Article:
Wednesday, June 22, 2011

One Hundred and One Dalmatians - 1961

Walt Disney had spent most of his career in animation, refining and improving the medium with each picture. By the 1950's, he had brought it to such a high level of detail that films like Sleeping Beauty were so expensive that they couldn't make a profit. He had also become very busy with other projects, like live action films, television and Disneyland. He was actually advised to get out of the animation business now that he had found success elsewhere. Thankfully, he didn't give up and he took the animation division in a new direction.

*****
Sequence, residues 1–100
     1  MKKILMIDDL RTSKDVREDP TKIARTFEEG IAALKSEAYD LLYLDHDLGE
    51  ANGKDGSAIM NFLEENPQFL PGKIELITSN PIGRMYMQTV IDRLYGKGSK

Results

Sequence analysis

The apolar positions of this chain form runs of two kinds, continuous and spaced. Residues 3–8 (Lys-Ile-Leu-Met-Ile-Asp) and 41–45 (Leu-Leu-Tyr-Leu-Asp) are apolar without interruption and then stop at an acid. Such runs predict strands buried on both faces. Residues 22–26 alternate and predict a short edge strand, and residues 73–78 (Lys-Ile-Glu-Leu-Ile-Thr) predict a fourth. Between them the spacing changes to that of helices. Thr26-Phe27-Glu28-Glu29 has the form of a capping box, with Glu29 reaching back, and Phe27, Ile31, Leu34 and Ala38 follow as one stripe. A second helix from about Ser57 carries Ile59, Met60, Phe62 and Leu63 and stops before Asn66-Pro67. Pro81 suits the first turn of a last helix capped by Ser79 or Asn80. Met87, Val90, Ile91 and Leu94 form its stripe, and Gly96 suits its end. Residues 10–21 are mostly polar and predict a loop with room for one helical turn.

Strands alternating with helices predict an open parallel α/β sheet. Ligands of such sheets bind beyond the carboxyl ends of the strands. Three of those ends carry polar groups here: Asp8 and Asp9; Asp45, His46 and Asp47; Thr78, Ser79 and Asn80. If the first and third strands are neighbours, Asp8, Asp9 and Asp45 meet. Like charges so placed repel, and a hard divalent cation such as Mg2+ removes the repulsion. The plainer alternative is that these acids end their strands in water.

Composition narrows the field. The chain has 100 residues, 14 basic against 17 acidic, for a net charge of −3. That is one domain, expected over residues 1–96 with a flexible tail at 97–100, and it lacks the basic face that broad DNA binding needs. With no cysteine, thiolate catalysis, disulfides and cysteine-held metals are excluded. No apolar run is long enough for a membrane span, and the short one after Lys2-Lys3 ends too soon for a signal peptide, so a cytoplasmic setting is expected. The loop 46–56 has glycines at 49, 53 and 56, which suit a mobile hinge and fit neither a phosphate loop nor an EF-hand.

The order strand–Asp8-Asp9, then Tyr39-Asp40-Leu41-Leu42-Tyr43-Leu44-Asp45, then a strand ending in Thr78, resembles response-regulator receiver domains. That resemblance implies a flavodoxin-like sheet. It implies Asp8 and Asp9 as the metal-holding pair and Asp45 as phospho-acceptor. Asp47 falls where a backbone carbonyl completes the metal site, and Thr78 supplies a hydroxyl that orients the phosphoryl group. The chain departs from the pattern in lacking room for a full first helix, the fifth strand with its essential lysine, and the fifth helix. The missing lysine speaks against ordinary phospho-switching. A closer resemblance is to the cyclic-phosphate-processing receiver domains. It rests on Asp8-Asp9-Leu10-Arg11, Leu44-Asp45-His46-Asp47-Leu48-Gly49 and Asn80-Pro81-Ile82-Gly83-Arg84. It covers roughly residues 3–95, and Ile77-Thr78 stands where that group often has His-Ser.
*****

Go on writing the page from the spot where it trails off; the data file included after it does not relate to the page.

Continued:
One Hundred and One Dalmatians is based on a book of the same name by Dodie Smith. Walt personally sought the rights to the book because he thought it would make a fantastic animated feature. This film broke many traditions in Disney animation. For starters, it was the first Disney animated feature to take place in the era in which it was made (late 1950's/early 1960's). While the film contains songs, it's not really a musical. The style of the animation was reminiscent of modern art, which lost a lot of the sleek and refined lines that the studio had been perfecting over the years. Technical advances allowed them to cut time in the Ink & Paint Department by using Xerox technology to scan animator's drawings and print them to celluloid for painting. To create the vehicles in the film, animators filmed model cars and transferred thE film to cels using Xerox, giving them a more realistic look than was possible through hand-drawn animation. There was a designated team that was completely responsible for applying the spots to each dog. Ken Anderson designed the background to look like they had been scanned with Xerox as well to give the whole film a unique style. While the animators were very enthusiastic about the style of the film, Walt was sad to see the refined and polished style of his previous animated films disappear.